To the Editor Canowindra Phoenix,
I congratulate Bob Sherwood for maintaining the conversation regarding damming rivers for surface storage of water for use by people. For continuing conversation about the availability of natural resources allows many people to gradually gain a deep ecological understanding of how the Australian
landscape works as a self-organising ecosystem.
For over ten thousand years people have misunderstood the interconnectedness of vegetation density, the ‘economy’ of water and water availability in regions of the world. When will people stop learning only from people and start learning only from Nature?
The only way Nature allows people to increase the local supply of water in any region in the mid latitudes of the world where all man made deserts occur, is for people to store water sub-surface as in-ground water, away from evaporation.
To increase in-ground water, land owners only need to increase vegetation density over all land surfaces to reduce evaporation, increase soil porosity to absorb and retain more water from rain and dew and as well, use growing vegetation to sediment up all eroded gullies that drain/erode water, soil and species from entire catchments.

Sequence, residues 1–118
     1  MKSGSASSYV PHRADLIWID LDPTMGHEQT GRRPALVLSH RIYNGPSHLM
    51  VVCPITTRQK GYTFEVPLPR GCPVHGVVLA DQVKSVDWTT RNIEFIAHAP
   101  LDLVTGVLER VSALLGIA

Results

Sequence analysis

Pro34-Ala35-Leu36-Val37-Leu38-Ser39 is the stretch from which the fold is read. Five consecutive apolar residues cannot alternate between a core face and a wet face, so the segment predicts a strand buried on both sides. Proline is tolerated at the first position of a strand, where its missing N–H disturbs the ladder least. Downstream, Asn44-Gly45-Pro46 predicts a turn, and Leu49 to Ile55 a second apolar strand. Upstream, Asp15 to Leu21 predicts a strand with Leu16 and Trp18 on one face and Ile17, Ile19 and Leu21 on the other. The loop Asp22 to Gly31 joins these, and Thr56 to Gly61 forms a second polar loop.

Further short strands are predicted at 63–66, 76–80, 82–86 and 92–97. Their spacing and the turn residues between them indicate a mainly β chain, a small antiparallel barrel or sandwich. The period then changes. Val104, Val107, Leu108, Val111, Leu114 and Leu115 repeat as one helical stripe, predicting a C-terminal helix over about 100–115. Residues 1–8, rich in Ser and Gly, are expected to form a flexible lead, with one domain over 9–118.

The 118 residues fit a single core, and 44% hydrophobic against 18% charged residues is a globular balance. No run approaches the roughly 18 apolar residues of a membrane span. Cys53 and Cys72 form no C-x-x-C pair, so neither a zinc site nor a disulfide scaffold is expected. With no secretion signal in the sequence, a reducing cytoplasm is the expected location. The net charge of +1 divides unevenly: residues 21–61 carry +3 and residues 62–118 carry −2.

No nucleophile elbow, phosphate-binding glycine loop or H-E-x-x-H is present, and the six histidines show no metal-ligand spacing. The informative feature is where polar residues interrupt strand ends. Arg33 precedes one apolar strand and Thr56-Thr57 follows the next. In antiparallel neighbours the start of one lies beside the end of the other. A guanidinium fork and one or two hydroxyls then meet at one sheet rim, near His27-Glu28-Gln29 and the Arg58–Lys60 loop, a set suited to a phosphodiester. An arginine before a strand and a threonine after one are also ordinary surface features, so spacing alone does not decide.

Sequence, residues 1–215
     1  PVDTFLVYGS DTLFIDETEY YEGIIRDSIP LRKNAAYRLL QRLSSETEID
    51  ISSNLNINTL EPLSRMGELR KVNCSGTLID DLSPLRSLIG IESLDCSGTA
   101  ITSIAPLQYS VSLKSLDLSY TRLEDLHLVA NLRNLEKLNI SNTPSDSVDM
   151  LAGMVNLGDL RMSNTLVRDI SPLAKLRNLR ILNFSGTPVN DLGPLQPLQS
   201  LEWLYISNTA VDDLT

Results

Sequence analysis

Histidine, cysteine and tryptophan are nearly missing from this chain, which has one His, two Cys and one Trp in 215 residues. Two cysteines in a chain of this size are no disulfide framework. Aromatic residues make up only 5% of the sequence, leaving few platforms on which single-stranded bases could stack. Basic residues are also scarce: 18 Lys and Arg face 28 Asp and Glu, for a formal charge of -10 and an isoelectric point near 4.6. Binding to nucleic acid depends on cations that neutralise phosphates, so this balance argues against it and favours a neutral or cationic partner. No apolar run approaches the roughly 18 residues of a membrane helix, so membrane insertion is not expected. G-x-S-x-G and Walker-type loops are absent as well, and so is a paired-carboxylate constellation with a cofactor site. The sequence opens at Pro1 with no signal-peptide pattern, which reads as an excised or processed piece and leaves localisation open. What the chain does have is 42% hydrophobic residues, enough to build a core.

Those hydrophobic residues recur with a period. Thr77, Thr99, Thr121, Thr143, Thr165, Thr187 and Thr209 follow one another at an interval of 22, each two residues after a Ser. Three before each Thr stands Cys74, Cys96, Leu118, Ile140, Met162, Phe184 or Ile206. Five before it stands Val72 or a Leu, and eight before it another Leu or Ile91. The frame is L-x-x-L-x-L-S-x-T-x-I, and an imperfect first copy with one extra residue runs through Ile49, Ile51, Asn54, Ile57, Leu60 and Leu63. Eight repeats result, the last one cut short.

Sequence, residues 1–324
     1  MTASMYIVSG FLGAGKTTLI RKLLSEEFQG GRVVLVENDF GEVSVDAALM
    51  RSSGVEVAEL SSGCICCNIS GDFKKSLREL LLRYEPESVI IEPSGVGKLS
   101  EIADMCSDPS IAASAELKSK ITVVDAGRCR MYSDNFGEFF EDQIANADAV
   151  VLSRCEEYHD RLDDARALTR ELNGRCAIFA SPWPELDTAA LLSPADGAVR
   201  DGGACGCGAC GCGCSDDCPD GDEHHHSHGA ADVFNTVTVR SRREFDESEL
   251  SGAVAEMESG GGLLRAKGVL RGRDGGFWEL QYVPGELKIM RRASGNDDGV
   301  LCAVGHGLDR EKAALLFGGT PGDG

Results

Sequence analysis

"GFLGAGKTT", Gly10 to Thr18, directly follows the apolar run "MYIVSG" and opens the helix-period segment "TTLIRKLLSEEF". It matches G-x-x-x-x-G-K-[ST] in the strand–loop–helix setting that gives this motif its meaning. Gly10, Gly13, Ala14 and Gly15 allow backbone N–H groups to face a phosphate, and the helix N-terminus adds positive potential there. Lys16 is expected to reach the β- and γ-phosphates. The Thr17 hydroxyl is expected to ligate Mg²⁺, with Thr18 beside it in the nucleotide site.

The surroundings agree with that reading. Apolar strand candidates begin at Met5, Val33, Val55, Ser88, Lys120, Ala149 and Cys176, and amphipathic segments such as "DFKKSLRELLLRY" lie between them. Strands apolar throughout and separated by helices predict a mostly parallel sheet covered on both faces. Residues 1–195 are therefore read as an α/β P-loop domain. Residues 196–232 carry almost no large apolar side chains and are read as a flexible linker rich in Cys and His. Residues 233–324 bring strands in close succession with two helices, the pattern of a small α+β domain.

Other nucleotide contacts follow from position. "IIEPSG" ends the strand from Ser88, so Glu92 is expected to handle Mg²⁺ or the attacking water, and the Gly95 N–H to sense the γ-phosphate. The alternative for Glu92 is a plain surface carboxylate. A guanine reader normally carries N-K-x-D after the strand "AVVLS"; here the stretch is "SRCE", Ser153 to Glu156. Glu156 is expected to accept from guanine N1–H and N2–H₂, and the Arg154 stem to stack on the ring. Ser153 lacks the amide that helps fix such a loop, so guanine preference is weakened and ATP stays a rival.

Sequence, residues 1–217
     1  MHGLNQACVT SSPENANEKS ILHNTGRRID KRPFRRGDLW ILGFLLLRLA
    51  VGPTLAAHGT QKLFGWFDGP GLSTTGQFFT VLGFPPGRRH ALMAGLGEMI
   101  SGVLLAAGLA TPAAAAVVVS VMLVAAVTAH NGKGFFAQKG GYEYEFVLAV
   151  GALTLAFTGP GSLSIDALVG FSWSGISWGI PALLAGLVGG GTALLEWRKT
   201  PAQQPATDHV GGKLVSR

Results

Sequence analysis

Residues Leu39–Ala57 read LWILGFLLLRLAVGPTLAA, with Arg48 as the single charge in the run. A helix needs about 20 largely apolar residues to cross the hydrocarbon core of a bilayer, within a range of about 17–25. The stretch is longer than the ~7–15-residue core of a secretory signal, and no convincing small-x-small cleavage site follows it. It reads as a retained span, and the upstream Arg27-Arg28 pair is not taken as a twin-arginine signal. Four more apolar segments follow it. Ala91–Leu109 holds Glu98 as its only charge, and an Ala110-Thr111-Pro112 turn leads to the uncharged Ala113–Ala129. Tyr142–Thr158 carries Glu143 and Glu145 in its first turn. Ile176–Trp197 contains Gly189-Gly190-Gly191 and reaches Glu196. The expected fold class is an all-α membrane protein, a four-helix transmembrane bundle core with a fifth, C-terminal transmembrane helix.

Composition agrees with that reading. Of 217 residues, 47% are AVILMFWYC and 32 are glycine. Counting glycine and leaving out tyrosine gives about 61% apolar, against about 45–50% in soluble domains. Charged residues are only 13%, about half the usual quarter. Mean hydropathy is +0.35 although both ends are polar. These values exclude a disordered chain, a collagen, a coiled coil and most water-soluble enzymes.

By using natural plant/animal systems the land, soil, water and all living species accumulate and co-evolve together locally as whole self-resourcing biological communities, as an eco-system. Whole self-resourcing multi-species communities as “Habitat in Common”, have no need for man-made
resources as Nature supplies all resources needed. Even climate is a regional phenomenon dependant on vegetation density.
As a long term freehold land owner resident within the Belubula and Lachlan catchments of the Canowindra district, my farming family and I are part of the rapidly growing ‘regenerative farming’ grass-roots movement that rejects consumerism, inappropriate technology and all industrial agricultural
practices. As farmers who regenerate soil, water, forests, grasslands, wild-life, farm crops and animals and natural energy on our own land, we are not consumers of resources, we are producers. We are not dependant on expensive outside sources of resources or financial assistance as we increase, use and re-cycle to regenerate all our own natural resources on our own land and regularly top the local sales with our surplus produce.
We are also training apprentices and partners in low input cost/high yield ‘regenerative farming’ in many parts of the state, so ‘future farmers’ can and will farm the natural land and water system ecologically, productively, profitably, sustainably and enjoyably.
Being dependent only on our own imagination and effort. The real economy is established by the ‘natural increase’ of self-replacing soil, water and living species that we retain and accumulate on our own land to support all of life, that is both our health food and our capacity to earn an income, through sharing abundant life with others.